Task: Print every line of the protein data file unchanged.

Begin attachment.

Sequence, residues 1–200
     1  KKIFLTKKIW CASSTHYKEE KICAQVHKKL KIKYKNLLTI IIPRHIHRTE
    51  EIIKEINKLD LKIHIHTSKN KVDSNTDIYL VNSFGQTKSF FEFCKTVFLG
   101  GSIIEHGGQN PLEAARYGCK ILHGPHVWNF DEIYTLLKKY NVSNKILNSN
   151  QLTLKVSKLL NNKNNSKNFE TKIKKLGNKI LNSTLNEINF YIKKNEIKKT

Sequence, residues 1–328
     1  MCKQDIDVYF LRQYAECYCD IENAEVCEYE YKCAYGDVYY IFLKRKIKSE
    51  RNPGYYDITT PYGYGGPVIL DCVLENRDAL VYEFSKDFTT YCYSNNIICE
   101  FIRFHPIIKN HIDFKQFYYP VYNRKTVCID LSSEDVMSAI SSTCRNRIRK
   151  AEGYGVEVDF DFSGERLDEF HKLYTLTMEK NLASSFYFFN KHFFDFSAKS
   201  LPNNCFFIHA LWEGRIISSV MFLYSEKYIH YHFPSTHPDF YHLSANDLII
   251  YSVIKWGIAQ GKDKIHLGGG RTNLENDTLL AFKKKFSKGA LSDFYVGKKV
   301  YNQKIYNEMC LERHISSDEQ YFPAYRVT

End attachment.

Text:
Sequence, residues 1–200
     1  KKIFLTKKIW CASSTHYKEE KICAQVHKKL KIKYKNLLTI IIPRHIHRTE
    51  EIIKEINKLD LKIHIHTSKN KVDSNTDIYL VNSFGQTKSF FEFCKTVFLG
   101  GSIIEHGGQN PLEAARYGCK ILHGPHVWNF DEIYTLLKKY NVSNKILNSN
   151  QLTLKVSKLL NNKNNSKNFE TKIKKLGNKI LNSTLNEINF YIKKNEIKKT

Sequence, residues 1–328
     1  MCKQDIDVYF LRQYAECYCD IENAEVCEYE YKCAYGDVYY IFLKRKIKSE
    51  RNPGYYDITT PYGYGGPVIL DCVLENRDAL VYEFSKDFTT YCYSNNIICE
   101  FIRFHPIIKN HIDFKQFYYP VYNRKTVCID LSSEDVMSAI SSTCRNRIRK
   151  AEGYGVEVDF DFSGERLDEF HKLYTLTMEK NLASSFYFFN KHFFDFSAKS
   201  LPNNCFFIHA LWEGRIISSV MFLYSEKYIH YHFPSTHPDF YHLSANDLII
   251  YSVIKWGIAQ GKDKIHLGGG RTNLENDTLL AFKKKFSKGA LSDFYVGKKV
   301  YNQKIYNEMC LERHISSDEQ YFPAYRVT